the reason that story was ruined is the same reason EAioware will ruin everything they touch... the synergy of those organizations can't get over themselves and get out of the way of letting a good game happen. They'll never admit to being wrong, never fix a mistake. It's never a problem with the game, it's just a message conveyance issue... "see, this game is really great, you entitled gamers just don't understand what a good video game is"

To borrow a phrase; they could screw up a wet dream.

/haven't bought an EA game since and never will again.
//meanwhile, I'll just mail CDProjekt Red money without asking anything in return. I know they'll give me something awesome time after time after time eventually.
 
2013-02-15 10:46:25 PM  

MurphyMurphy: indoctrination theory is real to me


It really does work best. Destruction does seem to be the only way to go out like Shepard, and Indoc Theory just makes it that much more satisfying.
 
2013-02-15 11:21:27 PM  

Dimensio: Giving the Reapers motivation is not bad in itself. Giving the Reapers a seemingly flawed motivation (as many gamers judged the motivation to be) is also not bad in itself, so long as the game acknowledges the motives as being flawed. Stating the motivation only at the very end, with only one previous line of dialogue in the entire series (and that in the final game) offered as foreshadowing (with the option of purchasing extra downloadable content for more explanation) was poor storytelling.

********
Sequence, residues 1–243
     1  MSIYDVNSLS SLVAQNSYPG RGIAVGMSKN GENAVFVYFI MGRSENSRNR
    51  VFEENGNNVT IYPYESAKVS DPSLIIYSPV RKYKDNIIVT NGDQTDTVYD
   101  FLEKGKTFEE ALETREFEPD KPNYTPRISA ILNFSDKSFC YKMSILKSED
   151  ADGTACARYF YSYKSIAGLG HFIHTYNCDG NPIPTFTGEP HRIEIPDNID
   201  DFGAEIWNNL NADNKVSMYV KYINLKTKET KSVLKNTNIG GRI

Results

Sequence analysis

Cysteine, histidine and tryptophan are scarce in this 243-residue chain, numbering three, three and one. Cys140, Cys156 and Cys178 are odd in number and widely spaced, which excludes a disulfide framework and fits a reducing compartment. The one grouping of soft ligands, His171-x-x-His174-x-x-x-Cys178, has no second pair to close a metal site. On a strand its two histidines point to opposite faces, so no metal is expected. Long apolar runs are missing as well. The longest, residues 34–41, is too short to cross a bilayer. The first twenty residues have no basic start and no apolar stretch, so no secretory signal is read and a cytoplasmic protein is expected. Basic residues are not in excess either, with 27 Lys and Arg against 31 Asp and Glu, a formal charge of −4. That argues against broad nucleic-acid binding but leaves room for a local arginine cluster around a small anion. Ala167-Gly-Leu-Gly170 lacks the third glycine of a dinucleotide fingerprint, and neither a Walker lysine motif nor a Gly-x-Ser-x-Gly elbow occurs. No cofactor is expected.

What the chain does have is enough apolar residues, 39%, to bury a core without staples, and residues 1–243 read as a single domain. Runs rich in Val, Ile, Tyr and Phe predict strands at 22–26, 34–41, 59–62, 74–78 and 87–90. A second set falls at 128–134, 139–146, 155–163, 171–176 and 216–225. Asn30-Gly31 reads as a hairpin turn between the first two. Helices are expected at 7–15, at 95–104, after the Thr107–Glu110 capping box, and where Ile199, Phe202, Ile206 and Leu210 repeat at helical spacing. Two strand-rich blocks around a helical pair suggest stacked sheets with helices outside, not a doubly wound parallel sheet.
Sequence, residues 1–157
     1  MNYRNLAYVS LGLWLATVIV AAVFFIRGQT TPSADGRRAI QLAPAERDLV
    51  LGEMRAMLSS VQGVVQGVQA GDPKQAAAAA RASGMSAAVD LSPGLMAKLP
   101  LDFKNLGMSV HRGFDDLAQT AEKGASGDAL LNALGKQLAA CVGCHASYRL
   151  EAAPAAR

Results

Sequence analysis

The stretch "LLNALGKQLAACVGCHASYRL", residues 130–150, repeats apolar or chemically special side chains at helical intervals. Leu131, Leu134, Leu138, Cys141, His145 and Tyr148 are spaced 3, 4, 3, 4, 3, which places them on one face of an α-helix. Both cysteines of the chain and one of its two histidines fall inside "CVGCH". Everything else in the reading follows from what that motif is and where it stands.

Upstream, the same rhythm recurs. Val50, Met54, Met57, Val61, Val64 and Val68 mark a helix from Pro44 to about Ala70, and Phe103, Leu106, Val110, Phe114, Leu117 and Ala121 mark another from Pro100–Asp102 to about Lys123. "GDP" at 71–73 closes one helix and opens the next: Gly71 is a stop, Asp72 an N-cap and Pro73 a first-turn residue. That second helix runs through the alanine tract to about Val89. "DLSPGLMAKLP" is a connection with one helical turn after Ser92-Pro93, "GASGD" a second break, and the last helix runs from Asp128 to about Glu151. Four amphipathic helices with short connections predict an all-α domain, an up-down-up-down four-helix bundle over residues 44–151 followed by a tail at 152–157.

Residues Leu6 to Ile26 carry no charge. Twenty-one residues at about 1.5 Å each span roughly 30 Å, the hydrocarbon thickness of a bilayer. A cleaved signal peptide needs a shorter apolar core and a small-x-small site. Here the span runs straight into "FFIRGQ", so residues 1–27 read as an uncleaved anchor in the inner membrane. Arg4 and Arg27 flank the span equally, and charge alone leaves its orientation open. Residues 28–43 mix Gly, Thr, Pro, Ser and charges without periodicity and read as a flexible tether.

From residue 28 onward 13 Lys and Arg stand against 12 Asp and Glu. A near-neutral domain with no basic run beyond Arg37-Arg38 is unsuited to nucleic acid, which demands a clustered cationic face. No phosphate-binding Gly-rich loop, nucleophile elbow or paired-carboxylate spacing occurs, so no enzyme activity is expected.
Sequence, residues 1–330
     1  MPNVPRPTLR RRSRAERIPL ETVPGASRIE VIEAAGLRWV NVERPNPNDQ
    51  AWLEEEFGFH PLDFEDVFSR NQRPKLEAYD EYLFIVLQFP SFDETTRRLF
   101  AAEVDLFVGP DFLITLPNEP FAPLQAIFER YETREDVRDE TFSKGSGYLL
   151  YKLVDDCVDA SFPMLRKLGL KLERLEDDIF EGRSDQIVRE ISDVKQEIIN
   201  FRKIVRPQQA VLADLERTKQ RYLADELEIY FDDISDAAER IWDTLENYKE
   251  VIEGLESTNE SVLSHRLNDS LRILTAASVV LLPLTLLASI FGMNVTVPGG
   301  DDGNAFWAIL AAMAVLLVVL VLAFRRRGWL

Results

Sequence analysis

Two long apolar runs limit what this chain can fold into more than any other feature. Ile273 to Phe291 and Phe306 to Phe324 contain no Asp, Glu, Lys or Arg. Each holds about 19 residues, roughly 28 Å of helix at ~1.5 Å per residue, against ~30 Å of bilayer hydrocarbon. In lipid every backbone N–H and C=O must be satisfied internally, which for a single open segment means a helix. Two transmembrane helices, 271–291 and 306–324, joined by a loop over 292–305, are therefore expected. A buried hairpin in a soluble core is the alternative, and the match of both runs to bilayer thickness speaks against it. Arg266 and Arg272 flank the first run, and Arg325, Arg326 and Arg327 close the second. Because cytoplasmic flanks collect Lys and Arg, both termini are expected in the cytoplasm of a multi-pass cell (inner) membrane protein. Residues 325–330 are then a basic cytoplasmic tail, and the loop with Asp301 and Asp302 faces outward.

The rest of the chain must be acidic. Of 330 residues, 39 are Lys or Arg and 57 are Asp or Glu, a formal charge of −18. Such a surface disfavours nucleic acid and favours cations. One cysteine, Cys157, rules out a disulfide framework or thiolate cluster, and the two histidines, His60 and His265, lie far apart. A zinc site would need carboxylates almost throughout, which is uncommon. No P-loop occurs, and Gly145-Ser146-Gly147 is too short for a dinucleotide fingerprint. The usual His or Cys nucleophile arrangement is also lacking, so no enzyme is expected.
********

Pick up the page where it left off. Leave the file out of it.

If you come back to this thread, or someone else knows, what line of dialog is he talking about that foreshadows the star kid and sets up the Leviathan DLC? I feel like I must have missed it.


shortymac: Also an interesting note for ME is that NONE of the writers from ME1 were there for ME3, which is why there's plot holes and the ending was written in like an hour without input of the other writers.


I feel like the original head writer on ME1(who also did a lot of the writing for ME2 and wrote a couple of the books, and left the company after working on TOR) is probably pissed at what they did to his story. The original ending was supposed to somehow involve Dark Matter and the rapidly aging star from Tali's mission in ME2, if I'm not mistaken.